The threat of ransomware attacks has become so significant that the National Cybersecurity Alliance and the PCI Security Standards Council issued a joint warning bulletin earlier this month. In 2021, ransomware was responsible for attacks at 37% of businesses globally, with an estimated cost of $20 billion.
In a blog post on the subject, Lance Johnson, executive director of the PCI Security Standards Council, said:
“These cyber threats are real and require immediate action to better protect against these ongoing criminal activities.”
There is nothing new about ransomware, it’s been around for years. What is new is the increased number of attacks. In 2021, ransomware attacks represented 21% of reported data breaches, up from 17% in 2020. Thieves normally use phishing attacks to gain access to consumer data, such as usernames, passwords, and account numbers, but they are also becoming more sophisticated, allowing them to gain access to companies’ networks for bigger attacks. Once the malware is in the network, it can take advantage of any website or software vulnerabilities.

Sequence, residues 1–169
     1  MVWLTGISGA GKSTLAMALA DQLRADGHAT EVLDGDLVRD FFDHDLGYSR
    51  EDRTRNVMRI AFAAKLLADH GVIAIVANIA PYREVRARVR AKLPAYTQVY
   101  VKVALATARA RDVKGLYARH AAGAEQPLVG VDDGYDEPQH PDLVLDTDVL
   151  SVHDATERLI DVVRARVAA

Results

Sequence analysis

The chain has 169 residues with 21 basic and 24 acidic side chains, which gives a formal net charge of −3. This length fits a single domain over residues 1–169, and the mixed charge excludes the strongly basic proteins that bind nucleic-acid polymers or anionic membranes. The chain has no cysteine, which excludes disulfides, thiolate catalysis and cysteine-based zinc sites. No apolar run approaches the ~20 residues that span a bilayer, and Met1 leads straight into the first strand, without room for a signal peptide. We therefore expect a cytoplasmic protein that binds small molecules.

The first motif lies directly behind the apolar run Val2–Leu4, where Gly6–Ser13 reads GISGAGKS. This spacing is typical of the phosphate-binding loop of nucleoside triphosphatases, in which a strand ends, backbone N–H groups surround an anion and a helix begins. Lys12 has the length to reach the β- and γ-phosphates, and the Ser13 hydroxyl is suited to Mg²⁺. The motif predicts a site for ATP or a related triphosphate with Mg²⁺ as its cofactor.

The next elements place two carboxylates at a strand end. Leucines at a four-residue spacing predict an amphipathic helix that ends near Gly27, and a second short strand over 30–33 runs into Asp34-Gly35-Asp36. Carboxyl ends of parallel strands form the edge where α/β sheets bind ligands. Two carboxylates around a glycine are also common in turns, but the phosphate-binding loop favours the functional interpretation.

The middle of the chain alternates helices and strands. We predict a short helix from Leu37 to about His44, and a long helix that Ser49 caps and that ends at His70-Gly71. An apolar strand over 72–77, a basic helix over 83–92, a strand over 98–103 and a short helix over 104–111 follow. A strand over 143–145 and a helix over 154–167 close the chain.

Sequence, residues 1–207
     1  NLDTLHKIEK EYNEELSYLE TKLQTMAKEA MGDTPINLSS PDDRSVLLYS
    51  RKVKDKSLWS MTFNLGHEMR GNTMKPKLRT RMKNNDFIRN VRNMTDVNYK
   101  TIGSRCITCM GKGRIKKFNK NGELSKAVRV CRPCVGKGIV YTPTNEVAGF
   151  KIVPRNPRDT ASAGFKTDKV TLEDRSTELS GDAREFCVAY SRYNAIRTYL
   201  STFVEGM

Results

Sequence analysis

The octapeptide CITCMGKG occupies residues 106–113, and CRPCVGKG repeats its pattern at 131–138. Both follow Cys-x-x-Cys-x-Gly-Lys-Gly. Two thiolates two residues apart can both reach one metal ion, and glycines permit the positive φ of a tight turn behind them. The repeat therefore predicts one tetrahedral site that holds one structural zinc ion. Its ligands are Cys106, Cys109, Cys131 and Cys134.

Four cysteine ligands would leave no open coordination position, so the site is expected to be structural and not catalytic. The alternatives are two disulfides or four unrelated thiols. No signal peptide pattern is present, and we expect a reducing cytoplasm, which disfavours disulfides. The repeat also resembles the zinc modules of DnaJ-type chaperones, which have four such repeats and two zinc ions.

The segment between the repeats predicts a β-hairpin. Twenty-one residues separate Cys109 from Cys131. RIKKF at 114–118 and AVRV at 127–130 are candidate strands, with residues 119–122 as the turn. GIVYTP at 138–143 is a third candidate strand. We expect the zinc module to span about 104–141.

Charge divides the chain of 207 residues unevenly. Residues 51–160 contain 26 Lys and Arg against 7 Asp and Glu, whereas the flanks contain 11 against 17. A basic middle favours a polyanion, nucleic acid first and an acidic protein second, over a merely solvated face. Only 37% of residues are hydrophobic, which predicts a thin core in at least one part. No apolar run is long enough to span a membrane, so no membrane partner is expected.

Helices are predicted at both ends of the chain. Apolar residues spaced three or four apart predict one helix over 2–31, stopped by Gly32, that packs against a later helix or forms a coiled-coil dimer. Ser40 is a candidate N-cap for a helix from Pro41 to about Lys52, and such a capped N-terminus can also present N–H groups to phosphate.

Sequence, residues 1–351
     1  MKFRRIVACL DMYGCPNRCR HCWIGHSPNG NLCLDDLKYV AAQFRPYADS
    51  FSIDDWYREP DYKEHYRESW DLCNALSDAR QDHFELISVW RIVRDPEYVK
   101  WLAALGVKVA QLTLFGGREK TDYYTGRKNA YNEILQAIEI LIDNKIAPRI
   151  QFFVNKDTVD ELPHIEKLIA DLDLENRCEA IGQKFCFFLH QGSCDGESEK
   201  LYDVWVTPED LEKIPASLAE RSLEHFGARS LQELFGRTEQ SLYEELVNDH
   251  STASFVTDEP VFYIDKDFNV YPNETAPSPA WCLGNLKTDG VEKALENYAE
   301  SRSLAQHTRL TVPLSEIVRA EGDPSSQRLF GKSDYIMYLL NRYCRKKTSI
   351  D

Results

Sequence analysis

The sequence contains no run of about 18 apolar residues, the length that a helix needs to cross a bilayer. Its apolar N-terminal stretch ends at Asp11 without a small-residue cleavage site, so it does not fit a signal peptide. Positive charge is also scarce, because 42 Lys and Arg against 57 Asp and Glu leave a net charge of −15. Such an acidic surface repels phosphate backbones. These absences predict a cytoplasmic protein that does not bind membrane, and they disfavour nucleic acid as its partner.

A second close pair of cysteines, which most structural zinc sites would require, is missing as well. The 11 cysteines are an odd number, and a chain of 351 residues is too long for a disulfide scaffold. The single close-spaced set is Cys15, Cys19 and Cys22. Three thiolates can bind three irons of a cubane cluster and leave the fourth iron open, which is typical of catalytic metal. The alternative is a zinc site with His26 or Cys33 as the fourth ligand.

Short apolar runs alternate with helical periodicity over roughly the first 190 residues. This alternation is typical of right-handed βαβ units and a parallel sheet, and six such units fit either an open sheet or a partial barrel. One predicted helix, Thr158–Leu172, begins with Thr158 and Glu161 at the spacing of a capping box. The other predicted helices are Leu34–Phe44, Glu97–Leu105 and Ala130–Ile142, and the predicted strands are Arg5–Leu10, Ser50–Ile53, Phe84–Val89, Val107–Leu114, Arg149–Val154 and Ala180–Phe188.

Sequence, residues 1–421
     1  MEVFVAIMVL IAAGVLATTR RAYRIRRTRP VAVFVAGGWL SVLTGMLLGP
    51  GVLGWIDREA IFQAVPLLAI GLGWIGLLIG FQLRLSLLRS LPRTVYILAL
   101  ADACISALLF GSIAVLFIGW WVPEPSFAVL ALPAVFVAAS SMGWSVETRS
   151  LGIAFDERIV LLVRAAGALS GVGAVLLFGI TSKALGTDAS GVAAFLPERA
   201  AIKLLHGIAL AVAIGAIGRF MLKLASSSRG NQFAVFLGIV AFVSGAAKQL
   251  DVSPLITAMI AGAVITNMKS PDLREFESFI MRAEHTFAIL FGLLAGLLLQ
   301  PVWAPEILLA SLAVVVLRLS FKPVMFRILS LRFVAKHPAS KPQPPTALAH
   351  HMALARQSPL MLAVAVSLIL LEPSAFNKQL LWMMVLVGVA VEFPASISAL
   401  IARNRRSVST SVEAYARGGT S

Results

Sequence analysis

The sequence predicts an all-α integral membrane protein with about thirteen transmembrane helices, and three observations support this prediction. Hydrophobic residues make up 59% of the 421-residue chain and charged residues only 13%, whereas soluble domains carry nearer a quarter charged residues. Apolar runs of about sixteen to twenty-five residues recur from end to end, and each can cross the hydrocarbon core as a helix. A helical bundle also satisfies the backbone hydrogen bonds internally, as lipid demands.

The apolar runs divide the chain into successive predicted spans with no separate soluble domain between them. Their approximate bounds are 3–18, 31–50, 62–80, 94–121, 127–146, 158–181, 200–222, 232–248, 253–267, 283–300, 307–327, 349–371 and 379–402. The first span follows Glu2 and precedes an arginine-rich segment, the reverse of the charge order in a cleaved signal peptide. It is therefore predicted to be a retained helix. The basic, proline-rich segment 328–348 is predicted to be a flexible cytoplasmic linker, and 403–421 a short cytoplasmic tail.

Prevention is by far the best defense against ransomware. Best practices to prevent a ransomware attack include:
• Identifying and securing important and valuable data
• Making sure all software applications are up to date by installing patches from vendors as they become available
• Monitoring the network for suspicious or unauthorized changes and investigating any such changes
• Regularly backing up data and testing the data recovery
• Educating employees about how to spot potential threats and how to avoid them
“The surge in ransomware activity has left many businesses and governments around the world scrambling for answers as they struggle to stay a step ahead of organized cybercriminal gangs,” Johnson says. “Utilizing good payment security practices and protocols can go a long way in guarding against these attacks.”